WORDS / CHRIS HANCOCK
For the first time in decades, perhaps the American development dream isn’t in the suburbs, but in the hearts of our downtowns and historic districts. Some call it new urbanism. Some call it complete streets. Some call it guerrilla economic development or historic preservation. Some call it simple awareness of a place and the people there, respect for what a community wants to be.
Pop Up in the Rock is a community development organization in Little Rock that focuses on enhancing local city areas with underdeveloped potential. It is a joint project of Create Little Rock, the young professionals of the Little Rock Regional Chamber of Commerce, and studioMAIN, a design collective of architects, landscape architects, engineers, contractors, artists, and urbanists, whose primary purpose is to establish and promote collaboration between the design fields and the general public.
PopUp in the Rock was inspired by the national Better Block movement, founded by the frenetically creative Jason Roberts, of Oakcliff, Dallas, Texas. The goal of the Better Block movement is to enhance a forgotten, desolate, or car-dominated street into a more community-oriented area for just a weekend in the hopes of inspiring permanent change. That’s right, just one weekend.
When you ask where PopUp started in Arkansas, you get long answers with many caveats. Lots of inspirations and passionate people and organizations are a part of the story because of the inherent community-driven nature of the projects. Ultimately, PopUps in Arkansas are the products of engaged people willing to volunteer those most precious of resources: vision, time and energy. But in search of the origins of PopUp I continually heard of two individuals in particular, friends and partners, Chris East and Buckley O’Mell. Both are hesitant to accept credit, but a grand majority of PopUp planners and volunteers agree that they deserve some. East, an architect with Cromwell, has been an essential part of studioMAIN, and O’Mell, Vice President for Advocacy at the Little Rock Chamber of Commerce, an essential part of Create Little Rock.
The founders were inspired by one extension of the Better Block movement in particular—the Polish the Pearl project in Tulsa, Oklahoma—developed by the Typros (Tulsa Young Professionals). Sixth Street had a flooding problem. An existing proposal to solve this problem had been gathering dust at City Hall. The Typros implemented the proposal, using blue vinyl sheets to create a canal. They made the street safer and better for business with road cones and temporary trees that were both aesthetic and functional. The Typros cleaned up empty storefronts for local vendors to use as pop up shops. In a weekend, a community saw what was possible and a proposal was tested in real-time. It only lasted a weekend, but its impact is visible today.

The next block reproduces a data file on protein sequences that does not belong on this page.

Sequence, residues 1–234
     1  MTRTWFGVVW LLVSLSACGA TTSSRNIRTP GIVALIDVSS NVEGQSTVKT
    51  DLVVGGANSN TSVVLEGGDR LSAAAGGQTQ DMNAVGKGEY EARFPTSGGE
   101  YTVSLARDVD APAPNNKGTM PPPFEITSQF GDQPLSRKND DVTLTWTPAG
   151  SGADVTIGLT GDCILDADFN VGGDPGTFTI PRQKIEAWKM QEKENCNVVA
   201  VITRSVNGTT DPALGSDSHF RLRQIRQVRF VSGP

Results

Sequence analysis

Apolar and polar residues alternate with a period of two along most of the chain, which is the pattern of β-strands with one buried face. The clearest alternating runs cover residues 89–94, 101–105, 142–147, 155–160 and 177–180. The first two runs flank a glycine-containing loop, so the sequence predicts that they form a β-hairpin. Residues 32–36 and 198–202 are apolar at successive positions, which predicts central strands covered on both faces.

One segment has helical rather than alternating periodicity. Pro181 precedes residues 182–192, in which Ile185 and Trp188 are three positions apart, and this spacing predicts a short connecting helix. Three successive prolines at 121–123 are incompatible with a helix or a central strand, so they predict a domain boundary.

Create Little Rock and studioMAIN partnered for the first Better Block project in Arkansas, Pop Up Main Street, in November 2012 along South Main Street in Little Rock.
Throughout the community meetings, the PopUp Team heard near-miss tales involving pedestrians, cyclists, dog-walkers, parents with strollers, and even local bakers pushing bread carts across the road. South Main Street had four lanes. Low traffic volume led to a faster average speed. Drivers ignored crosswalks as well as local businesses as they sped by.
An existing but un-utilized proposal called for a road diet, or lane reduction, to solve this problem. The City of Little Rock agreed it was a good idea but didn’t consider it feasible, largely because it had never been done before. While the proposal gathered dust, the PopUp Team implemented it.
PopUp Main Street began November 4th with the restriping of the street. The road was reduced from four to two travel lanes which allowed space for trees in the median. A dedicated bike lane was striped in each direction.
On November 10th South Main hosted pop up shops and entertainment. In the space of a few parallel parking spots, volunteers popped up street-side seating. A Goodwill store popped up in a formerly vacant building. Curious bicyclists stopped and took advantage of pop up bike parking. Local Etsy vendors and food trucks sold out of products and ingredients. Passersby watched as local artists painted murals that already contributed to a new sense of place. Neighbors daydreamed the possibilities for their neighborhood as their dogs played in the pop up Dog Park.
So how much does this cost? How can such immediate change be possible without serious financial resources? PopUp veteran and architect with Witsell Evans Rasco, James Meyer, said it best, “With a community of excited volunteers using tools like duct tape, wooden pallets, and hay bales, this major transformation cost only a few hundred dollars.”
A PopUp is just a snapshot of what’s possible for a block but it gave the community an opportunity to reclaim their neighborhood. It was safe to cross the streets. It was better for business. It was more comfortable, more welcoming and more fun. Hundreds of people, many who had never ventured to South Main, came and saw what was possible.
PopUp Main Street functioned as a rapid-prototype, a full-scale proof of concept without the risk of wasting money or laying blame. The City of Little Rock pursued and received a grant to have Main Street permanently restriped from four lanes to two lanes with a turn lane. South Main, now commonly called SoMa, is proof that short-term action can have long-term impact.